13 November 2018
Dear Mrs. Picoult,
Frequently, I tend to see things with tunnel vision; my perspective and only my perspective. However, your book, The Pact, allowed me to have a more open mind about situations that surround my life daily and why one would think things differently than I do. Acquiring such a new perspective on life allowed me to develop and maintain a more open mind, which I now find to be crucial when living in a functional society.
I have never been suicidal. In fact, I have always questioned why some people would want to end their life. What thoughts were roaming through their head when they made such a decision? Your book reminded me some of the reasons I already knew about, but also presented reasons I have never considered. You allowed me to explore different ideas of suicide. Such a strong topic is not, and cannot, be just black or white; there are so many aspects that go into a desire for such an act. I learned from your book that there are ways to indicate whether or not a person is serious about killing oneself. Everyday actions or feelings one carries out can explain more than what people see on the surface. Such an idea is usually in the back of my mind; I feel as though I should be careful with the things I say and the words I choose when attempting to express a thought. However, after reading your book, I suddenly felt that I wasn’t doing enough.
I live what many people would call a luxurious life. I have a roof over my head, food on the table, a loving family and availability to an education. As a person that lives a comfortable life, it aches me to think about those who are suffering; for whatever reason it is. I know of many people around me who have anxiety, depression, bipolar disorder as well as other mental illnesses. Often, I find those people attempting to put up a facade to cover their true emotions. A smile on their face to disguise the sadness they feel within, struggling to make it until the end of the day. In the past, I have tried to cheer some people up, talk to teachers about their well-being or just show any sign or concern and support for that person. However, after I finished your book, I can’t help but feel that that is not enough.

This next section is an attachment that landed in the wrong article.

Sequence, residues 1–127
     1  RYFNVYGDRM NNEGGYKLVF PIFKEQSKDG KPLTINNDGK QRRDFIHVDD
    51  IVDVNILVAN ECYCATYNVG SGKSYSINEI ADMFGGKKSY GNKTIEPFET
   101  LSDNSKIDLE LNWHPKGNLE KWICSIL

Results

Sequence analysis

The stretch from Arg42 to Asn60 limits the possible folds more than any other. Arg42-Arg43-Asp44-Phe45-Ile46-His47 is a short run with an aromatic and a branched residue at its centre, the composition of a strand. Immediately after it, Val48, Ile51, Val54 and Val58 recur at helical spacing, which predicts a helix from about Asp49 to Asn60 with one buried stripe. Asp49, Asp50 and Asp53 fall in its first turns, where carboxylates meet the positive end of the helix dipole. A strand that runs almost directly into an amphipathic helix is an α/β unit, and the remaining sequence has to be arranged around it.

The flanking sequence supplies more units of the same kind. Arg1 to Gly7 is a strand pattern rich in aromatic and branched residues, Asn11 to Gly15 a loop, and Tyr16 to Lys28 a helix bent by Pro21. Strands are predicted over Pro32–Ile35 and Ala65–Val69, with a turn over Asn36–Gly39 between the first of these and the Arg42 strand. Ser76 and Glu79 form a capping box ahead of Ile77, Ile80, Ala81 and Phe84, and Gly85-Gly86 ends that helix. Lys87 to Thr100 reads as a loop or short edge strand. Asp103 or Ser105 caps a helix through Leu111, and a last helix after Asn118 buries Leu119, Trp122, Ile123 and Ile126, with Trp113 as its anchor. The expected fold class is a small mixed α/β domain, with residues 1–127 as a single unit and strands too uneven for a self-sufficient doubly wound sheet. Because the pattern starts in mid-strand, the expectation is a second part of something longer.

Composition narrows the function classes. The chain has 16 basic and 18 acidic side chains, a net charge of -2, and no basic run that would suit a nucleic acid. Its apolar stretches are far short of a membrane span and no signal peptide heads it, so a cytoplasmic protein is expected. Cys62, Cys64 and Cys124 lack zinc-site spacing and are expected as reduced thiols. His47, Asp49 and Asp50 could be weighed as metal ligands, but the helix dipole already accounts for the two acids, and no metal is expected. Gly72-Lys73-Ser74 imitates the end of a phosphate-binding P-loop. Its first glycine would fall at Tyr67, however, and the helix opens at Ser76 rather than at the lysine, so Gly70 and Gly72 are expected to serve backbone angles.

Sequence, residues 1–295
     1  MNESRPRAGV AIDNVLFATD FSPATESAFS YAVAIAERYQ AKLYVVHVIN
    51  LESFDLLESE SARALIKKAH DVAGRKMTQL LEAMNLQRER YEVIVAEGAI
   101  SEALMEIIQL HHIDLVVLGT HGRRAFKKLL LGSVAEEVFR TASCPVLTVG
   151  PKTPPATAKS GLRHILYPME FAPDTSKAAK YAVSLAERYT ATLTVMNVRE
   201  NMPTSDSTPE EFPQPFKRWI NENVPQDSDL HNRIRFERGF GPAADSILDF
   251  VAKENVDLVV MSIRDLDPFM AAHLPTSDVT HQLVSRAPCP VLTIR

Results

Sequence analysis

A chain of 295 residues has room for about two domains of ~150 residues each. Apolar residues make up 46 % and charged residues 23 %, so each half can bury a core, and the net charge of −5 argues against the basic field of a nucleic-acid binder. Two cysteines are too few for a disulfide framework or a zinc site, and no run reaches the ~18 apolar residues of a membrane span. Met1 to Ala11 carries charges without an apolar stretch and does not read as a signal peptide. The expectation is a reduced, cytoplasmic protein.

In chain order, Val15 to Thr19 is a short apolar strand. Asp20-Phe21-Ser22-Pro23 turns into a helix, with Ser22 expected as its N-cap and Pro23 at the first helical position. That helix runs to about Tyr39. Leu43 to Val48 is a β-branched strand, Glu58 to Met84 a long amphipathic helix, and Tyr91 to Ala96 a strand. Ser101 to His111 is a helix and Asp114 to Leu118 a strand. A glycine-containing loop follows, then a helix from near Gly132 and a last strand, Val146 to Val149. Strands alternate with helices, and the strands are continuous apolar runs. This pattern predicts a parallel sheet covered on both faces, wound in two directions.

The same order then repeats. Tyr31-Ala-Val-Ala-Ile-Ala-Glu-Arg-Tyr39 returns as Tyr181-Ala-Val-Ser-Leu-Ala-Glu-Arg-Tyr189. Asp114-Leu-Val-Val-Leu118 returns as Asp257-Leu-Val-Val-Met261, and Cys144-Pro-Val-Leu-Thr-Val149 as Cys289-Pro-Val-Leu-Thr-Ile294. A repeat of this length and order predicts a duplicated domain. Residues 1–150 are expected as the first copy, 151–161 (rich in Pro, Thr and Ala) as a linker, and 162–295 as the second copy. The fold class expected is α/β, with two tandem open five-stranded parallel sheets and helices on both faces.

As a result, I would happily inform you that I joined many mentally positive clubs at my school. I became the vice president of a community service club, always giving back to those who need the help. I am also an active member in a club called Democratic Discourse. In the club we discuss the things happening in our community today and what changes need to be made to ensure the best future for those in society. This year we are focusing on schools. Often, I find ideas of suicide, feelings of depression and unhappiness arise from the school climate. Though it can be friendly and some teachers can be welcoming, it is not always the case. Students attend school to learn, not to feel unhappy with themselves. Like me, I find that school also has tunnel vision. It focus’ on the students futures, colleges, extracurricular activities, etc. Ironically enough, at times I feel that there is not enough attention given to the students actually attempting to achieve those goals.With such a college based preparation program presented throughout the curriculums, often times there are students that can not handle all the assignments, projects, homeworks, activities, class dues along with family well-being, self love, relaxing, and keeping friendships. When one side of a personal health triangle begins to collapse, the other parts follow its lead. Being in Democratic Discourse, I feel that if I bring enough attention to such a serious problem, then reform is possible.
So thank you for writing such an amazing, eye-opening novel. The Pact was not only enchanting within the plot itself, but sparked a passion within me for helping people in ways I could never have imagined before. I feel that suicide is a problem currently and has been in the past. If it is not addressed, then people will not be aware of the possible solutions to the heartbreaking choice. Every person makes a difference. A small nod, a compliment or even just smiling at someone can change a person’s attitude. Kindness is vital. Due to your novel, my goal is to make the public not only aware of this problem, but more importantly, its solutions.
Thank you for taking the time to read this.